How to be come "SUCK"cessful Photographer ?


So what’s the tip for you to become a successful….

Wildlife photographer ?

ANS: Head out with a Canon 1Ds Mark IV + 600 F4 L IS or a Nikon D3s + 600 F4 VR to the pristine forests across the globe!

Portrait photographer ?

ANS: Pick up the fastest and the most expensive lens like Canon 85 F1.2 or Canon/Nikon 24-70 F2.8 or the Best of the class lighting equipment!

Landscape photographer ?

ANS: You must have a Canon 5D Mark II Coupled with a Nikon 14-24mm lens or a Canon 16-35 F2.8 and throw in some Singhray/Lee/B&W Filters!

Is that really the case? Will you be able to become the best and make best images if you have one or all of the above equipment? Every alternate day photographers get bombarded with questions from budding and amateur photog aspirants on what’s the best equipment that they should next purchase or what’s the equipment that they should pick up to get photos like pro. A list of must have equipments from the Pro’s and couple of “high money no output workshops” and few weeks down the line its back to square one – “My photos are not as good as the one you took or My camera is not able to take good photos I think I need to upgrade my camera/lens or I think I need to upgrade to Photoshop CS5 from Photoshop CS4 as the content-aware-fill will help me remove the clutter in the photo and make it better”.


But why all these confusions and why all these dejections? Is camera the end of your learning to take good photographs? Is it the camera that makes the image or the person who is behind the viewfinder? Each passing day Camera companies come up with new technologies and better image making equipment which makes the purchases done on the previous day look stale. But does that really mean me catching up with technology and making sure I have all the equipment which is best and latest in class will ALWAYS yield me BEST results? As a Professional photographer there is always a commitment towards client to give what could potentially be termed as your best when it comes to assignment oriented shots and that does definitely require the top of the notch equipment. But as a beginner or novice or amateur why can’t people understand they need to enjoy the craft of making images and enjoy seeing and learning through the viewfinder instead of running behind megapixel race.

Each and every one of us who takes up this hobby seriously goes through a cycle of starting off low and hitting high when it comes to equipment purchase and later at the end of the day realizing that it’s their lower brand equipment which took better images.

Photography just like Philately or Coin collection is a hobby which includes inclusion of newer and newer things each and every day into the kitty but unlike the other two it won’t give u enough satisfaction until and unless you go out and start making meaningful Images.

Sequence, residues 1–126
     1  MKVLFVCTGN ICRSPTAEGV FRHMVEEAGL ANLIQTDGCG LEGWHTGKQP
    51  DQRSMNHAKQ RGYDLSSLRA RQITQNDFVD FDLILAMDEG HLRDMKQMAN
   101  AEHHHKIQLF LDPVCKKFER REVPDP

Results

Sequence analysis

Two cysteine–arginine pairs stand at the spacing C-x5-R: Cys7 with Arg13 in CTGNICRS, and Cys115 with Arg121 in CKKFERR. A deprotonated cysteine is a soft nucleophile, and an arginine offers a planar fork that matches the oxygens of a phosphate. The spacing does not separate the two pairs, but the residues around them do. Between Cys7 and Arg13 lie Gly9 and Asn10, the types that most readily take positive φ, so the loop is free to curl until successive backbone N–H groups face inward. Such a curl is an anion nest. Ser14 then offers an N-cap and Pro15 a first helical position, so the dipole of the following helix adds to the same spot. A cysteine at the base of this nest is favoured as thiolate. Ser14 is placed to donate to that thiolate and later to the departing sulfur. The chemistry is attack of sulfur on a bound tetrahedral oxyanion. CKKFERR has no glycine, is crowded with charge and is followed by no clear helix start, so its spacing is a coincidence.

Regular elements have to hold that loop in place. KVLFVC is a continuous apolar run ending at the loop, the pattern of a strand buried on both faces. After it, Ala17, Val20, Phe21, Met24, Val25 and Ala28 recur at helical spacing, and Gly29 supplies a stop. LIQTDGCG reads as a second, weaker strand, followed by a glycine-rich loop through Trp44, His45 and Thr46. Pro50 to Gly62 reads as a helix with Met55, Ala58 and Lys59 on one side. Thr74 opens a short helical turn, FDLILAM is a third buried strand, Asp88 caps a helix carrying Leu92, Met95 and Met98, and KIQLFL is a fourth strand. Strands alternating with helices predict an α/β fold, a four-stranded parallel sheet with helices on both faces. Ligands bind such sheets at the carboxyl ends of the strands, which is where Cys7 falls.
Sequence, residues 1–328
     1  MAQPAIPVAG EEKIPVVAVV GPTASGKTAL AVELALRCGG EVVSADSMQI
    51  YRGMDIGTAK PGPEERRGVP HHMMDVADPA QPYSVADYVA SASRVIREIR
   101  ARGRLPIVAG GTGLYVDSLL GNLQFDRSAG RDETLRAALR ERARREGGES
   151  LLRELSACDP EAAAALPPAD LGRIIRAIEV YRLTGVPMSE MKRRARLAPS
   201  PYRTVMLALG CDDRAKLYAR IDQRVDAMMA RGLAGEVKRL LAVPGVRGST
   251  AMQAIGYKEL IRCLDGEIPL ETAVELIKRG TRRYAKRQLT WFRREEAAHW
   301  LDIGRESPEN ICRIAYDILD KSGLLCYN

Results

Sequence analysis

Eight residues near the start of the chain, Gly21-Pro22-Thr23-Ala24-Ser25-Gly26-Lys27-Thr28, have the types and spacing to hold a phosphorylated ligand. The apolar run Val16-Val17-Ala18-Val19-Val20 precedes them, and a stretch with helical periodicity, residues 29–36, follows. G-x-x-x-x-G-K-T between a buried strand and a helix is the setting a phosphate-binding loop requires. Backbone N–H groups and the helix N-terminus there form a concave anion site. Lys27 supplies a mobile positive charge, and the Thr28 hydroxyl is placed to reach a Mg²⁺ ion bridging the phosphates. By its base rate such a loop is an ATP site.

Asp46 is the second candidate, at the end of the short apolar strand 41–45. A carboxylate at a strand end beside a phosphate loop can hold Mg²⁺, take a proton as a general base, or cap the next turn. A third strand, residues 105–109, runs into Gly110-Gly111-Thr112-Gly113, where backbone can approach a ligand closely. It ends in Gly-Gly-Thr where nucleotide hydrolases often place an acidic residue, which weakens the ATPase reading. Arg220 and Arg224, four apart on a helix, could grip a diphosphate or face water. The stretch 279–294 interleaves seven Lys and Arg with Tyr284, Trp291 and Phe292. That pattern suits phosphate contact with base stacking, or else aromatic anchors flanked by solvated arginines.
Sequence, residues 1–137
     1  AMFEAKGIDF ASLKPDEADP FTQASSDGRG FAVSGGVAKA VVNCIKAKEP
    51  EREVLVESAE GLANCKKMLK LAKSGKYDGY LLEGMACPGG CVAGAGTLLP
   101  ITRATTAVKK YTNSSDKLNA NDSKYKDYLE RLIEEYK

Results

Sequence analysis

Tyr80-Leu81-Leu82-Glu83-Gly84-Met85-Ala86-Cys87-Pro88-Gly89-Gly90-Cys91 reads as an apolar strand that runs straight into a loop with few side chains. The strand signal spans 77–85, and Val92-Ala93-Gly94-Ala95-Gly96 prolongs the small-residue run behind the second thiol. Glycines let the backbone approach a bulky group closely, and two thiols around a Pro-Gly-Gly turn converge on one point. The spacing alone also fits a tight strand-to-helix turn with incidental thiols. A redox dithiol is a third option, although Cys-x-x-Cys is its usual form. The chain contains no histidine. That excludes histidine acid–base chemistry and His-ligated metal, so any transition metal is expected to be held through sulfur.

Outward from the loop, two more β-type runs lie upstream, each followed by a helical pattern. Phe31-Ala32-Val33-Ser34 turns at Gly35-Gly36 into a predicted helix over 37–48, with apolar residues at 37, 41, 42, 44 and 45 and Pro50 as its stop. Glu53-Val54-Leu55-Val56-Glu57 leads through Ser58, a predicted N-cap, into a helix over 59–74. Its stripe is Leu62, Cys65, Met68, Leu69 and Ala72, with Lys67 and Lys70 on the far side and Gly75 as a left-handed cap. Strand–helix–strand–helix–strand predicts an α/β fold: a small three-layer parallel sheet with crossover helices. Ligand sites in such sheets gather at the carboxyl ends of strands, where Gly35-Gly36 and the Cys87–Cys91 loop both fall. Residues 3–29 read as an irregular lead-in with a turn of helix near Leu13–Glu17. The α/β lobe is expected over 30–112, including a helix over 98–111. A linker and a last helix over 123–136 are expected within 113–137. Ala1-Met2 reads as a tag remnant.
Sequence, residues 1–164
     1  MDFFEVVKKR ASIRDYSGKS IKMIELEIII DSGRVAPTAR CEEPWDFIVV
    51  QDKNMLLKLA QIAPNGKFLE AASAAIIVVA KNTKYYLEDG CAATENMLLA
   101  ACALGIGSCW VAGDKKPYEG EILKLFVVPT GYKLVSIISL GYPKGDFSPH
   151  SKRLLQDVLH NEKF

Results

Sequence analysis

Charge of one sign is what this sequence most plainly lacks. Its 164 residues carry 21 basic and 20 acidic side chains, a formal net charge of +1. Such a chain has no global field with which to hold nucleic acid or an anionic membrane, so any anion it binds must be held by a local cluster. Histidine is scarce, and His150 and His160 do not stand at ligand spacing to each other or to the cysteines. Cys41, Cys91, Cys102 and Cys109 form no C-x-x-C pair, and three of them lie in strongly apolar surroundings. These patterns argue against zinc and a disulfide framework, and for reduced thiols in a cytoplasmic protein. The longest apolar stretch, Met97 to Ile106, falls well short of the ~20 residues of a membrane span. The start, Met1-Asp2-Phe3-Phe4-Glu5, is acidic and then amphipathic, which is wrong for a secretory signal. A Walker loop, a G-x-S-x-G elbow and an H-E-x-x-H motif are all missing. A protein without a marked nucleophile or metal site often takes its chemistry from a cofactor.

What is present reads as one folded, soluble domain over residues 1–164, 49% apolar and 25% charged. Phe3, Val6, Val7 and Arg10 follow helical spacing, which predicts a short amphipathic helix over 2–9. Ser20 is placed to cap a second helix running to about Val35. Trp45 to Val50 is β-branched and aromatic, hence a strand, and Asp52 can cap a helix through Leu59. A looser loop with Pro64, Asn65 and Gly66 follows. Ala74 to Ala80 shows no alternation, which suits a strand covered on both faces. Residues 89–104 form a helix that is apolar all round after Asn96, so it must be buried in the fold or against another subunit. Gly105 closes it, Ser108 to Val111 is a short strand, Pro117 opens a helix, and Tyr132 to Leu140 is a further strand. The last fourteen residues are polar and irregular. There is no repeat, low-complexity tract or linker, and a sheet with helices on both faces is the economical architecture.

Today morning one of my friends in a social networking site shared this link and I find that each and every one of us photographers gets assaulted with such questions on techniques and cameras and accessories than not worrying about the actual image.

The Secret To Photography Is Revealed

If it was as simple as imitating the settings what Steve McCurry to take Afghan Gal portrait or me buying all the equipment that Steve Winter used to shoot the magical Snow leopard images – would I be able to match or come anywhere close to what they got?


Gear is definitely good thing to have but it shouldn’t stop you from expressing your vision.  A small point and shoot camera lying in your drawer can make some nice images, your day2day using mobile phone with a basic 3.2MP camera can take some lovely images, a cheap (cost wise) 50mm F1.8 lens from Canon or Nikon can get you images which you can’t dream of in the expensive glasses.  Go out there into the field and shoot with what you have in your kitty and try to build the vision than to make the wallet size shrink but later crib that you are still not getting a good image. As Chase Javris puts “Best cam is the one with you” and to put it back in David Duchemins words “Gear is good but Vision is better”.

If you can’t express your vision and if you can’t express your identity and signature using what you have even the best of the glass can’t get you enough smiles! Photography is an art and what you need to do is go out and shoot and make some memorable images and create some history as each shutter that you trip is a part of the past.


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